Salt Lake City (Jan. 20, 2016) — Utah will continue to have solid economic growth, positive labor market performance, and continued net in-migration in 2016, according to the latest Economic Report to the Governor.
The report, released today and presented to Gov. Gary Herbert at the Salt Lake Chamber’s annual Utah Economic Review, documents Utah’s stellar economic performance in 2015 and forecasts another favorable year for the Utah economy. The full report and supporting materials can be viewed here.
“Utah led the nation in job growth in 2015, a signal that economic opportunity may be better in Utah than in any state,” said Juliette Tennert, director of economic and public policy research at the Kem C. Gardner Policy Institute and the co-chair of the Utah Economic Council, which prepared the report. “Much of this growth was fueled by significant growth in Utah’s technology, construction, and leisure and hospitality sectors,” said Tennert.
Utah led the nation in job growth for seven months and ranked second the remaining five months. Here are other top-level statistics from the report:
- Technology – Utah lived up to the nickname “Silicon Slopes” with impressive 7.7 percent growth in the information sector.
- Construction – Permit -authorized construction reached its highest level in eight years with major projects downtown and at the nexus of Utah’s two largest counties.
- Leisure and hospitality – Utah’s leisure and hospitality industry added 7,900 jobs. Park City’s expansion created the largest ski resort in the country. This, combined with Utah’s “Mighty Five” national parks, prompted Fodor’s Travel to name Utah the top travel destination of the year.
- Exports – Utah’s merchandise exports continued to diversify with four percent year-over growth in non-gold exports. Utah exports support more than 50,000 jobs.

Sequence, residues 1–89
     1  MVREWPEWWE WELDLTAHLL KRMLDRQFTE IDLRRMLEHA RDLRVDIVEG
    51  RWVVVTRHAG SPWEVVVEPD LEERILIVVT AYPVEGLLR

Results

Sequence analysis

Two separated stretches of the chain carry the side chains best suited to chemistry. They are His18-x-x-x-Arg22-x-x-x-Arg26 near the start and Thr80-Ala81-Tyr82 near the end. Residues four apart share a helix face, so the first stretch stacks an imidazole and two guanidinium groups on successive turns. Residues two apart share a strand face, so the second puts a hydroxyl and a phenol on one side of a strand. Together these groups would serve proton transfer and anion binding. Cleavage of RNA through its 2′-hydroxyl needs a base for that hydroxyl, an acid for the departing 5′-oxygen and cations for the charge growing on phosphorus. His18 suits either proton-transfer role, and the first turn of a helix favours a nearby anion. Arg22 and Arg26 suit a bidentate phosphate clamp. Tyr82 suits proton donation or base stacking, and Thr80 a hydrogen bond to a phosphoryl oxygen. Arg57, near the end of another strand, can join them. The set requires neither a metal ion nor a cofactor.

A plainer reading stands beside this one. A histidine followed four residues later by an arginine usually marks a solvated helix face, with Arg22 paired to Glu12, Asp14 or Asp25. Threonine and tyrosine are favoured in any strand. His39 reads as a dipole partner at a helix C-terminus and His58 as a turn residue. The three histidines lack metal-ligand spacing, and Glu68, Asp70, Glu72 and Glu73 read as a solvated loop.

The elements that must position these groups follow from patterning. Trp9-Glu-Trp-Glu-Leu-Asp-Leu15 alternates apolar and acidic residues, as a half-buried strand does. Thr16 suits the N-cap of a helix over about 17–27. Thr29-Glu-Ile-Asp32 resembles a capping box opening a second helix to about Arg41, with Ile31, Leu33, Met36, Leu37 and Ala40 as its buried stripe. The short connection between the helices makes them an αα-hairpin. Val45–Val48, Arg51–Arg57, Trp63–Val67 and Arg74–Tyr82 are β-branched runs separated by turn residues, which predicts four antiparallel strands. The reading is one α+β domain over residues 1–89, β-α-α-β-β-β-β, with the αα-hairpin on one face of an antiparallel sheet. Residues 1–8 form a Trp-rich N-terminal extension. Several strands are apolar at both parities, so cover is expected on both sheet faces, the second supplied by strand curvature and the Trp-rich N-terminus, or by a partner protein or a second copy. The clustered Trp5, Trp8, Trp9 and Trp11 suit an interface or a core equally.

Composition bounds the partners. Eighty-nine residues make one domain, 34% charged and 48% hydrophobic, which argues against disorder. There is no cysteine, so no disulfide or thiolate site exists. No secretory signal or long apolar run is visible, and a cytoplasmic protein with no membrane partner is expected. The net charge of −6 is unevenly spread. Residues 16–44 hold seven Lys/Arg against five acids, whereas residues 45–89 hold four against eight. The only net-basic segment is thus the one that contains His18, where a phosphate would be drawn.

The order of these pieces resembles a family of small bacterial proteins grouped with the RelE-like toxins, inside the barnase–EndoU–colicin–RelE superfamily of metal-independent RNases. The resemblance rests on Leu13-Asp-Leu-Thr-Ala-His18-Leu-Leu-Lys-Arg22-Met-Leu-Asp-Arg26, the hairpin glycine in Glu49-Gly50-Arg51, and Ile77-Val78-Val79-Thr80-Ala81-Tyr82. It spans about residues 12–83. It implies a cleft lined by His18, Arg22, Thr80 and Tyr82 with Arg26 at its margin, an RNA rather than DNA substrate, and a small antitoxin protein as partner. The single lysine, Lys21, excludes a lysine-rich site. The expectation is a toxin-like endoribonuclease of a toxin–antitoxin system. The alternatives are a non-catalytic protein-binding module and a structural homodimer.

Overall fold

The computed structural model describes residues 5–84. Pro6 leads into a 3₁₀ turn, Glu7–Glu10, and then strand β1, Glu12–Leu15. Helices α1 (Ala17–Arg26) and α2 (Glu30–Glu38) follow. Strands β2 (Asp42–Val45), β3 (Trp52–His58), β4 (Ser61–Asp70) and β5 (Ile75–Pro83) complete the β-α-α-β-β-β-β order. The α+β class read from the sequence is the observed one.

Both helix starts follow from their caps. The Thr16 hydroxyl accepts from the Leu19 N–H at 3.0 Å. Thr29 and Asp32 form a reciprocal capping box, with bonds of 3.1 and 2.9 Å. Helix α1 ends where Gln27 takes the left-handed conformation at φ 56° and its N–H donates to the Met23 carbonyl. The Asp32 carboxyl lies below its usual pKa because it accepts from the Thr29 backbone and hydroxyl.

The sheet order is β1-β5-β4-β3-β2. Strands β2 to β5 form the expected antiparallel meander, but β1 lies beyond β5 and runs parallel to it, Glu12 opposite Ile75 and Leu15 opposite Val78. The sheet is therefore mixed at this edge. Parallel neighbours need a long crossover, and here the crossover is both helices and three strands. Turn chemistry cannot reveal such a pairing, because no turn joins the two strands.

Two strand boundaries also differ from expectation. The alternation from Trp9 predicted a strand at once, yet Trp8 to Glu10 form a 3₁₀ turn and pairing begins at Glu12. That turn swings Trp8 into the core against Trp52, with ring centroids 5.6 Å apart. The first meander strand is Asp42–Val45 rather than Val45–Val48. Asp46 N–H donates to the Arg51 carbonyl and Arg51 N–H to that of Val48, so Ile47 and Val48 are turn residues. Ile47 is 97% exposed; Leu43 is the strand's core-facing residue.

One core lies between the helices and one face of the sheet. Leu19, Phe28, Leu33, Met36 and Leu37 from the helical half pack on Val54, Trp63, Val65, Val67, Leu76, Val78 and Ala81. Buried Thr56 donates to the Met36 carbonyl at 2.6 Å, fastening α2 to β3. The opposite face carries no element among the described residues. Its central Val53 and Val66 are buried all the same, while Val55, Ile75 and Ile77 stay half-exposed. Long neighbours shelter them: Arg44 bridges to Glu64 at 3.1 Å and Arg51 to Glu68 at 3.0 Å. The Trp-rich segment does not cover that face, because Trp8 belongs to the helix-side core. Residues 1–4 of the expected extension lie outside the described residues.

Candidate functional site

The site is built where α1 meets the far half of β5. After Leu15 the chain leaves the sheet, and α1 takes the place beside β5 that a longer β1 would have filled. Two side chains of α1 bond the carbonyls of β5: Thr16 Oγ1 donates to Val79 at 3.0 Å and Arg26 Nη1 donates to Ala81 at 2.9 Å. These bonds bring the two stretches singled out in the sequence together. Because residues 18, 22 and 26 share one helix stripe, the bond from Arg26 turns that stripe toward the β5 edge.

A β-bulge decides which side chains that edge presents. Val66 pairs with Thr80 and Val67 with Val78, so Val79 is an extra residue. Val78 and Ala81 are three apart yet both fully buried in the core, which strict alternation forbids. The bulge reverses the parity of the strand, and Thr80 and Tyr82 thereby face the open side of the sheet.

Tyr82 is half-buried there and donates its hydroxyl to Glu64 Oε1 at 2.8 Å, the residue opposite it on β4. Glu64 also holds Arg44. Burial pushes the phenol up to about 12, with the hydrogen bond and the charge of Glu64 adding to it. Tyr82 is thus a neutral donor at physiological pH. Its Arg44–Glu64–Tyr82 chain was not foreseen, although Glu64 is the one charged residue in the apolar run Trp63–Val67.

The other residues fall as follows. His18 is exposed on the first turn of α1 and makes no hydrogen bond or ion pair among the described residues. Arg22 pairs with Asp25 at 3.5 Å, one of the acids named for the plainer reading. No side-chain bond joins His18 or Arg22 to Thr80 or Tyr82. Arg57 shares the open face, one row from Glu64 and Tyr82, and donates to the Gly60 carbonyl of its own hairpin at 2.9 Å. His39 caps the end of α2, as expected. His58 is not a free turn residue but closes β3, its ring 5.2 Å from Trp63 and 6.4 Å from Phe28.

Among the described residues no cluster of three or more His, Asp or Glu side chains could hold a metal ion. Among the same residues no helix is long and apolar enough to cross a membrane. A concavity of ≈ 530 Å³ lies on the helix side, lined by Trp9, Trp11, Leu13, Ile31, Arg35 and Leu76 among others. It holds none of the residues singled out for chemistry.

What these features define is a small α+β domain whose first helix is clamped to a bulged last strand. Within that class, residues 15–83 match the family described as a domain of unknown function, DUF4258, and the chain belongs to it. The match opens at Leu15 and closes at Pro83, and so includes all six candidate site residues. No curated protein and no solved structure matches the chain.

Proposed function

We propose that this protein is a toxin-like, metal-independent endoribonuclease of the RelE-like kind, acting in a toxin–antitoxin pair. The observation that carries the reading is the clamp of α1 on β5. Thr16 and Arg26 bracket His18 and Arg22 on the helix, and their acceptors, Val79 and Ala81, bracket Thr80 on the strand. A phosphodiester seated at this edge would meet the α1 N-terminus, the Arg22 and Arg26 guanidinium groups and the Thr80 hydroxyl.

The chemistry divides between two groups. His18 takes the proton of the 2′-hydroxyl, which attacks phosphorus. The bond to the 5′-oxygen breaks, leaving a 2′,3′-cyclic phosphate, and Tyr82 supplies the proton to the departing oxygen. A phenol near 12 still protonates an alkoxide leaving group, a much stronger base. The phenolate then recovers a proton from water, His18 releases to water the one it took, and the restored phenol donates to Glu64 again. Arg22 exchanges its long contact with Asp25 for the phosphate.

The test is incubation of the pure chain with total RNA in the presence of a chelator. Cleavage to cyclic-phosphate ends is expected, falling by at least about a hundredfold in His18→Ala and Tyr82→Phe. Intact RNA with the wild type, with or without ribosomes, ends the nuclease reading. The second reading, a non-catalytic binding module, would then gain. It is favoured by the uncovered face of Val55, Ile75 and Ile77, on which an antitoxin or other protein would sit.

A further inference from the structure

- Financial activities – Major employers like Goldman Sachs added a total of 2,600 jobs in the financial activities sector helping Utah earn a reputation as “Wall Street of the West.”
- Income – Median household income is growing at 2.6 percent in Utah, compared to 1.0 percent nationally.
The Utah economy is not without headwinds in 2016. Geopolitical instability, the global slowdown, normalization of monetary policy, and supply of workers will continue to create uncertainty and reason for caution. In addition, education warning signs and persistent air quality challenges continue to concern economists.
“There are things we can and cannot control that impact the economy,” said Natalie Gochnour, associate dean of the David Eccles School of Business and member of the Utah Economic Council. “Many of our greatest risks come from the outside – Federal Reserve policies, global economic conditions, energy prices, and geopolitics. Education and air quality have been identified by the Utah Economic Council as two areas where we can make a difference in Utah’s future economic performance.”
The consensus forecast calls for an economy with room to run in 2016, fueled by low motor-fuel prices, strong consumer spending, demographic advantages, new construction, and an attractive b